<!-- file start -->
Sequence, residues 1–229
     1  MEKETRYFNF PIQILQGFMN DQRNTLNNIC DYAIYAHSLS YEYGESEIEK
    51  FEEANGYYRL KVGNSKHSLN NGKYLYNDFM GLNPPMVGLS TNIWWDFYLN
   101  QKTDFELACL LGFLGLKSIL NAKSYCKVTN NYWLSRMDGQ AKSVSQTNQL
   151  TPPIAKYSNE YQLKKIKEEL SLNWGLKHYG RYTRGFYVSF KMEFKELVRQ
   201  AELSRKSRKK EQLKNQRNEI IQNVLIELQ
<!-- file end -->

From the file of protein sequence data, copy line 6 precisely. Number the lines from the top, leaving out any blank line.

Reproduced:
   201  AELSRKSRKK EQLKNQRNEI IQNVLIELQ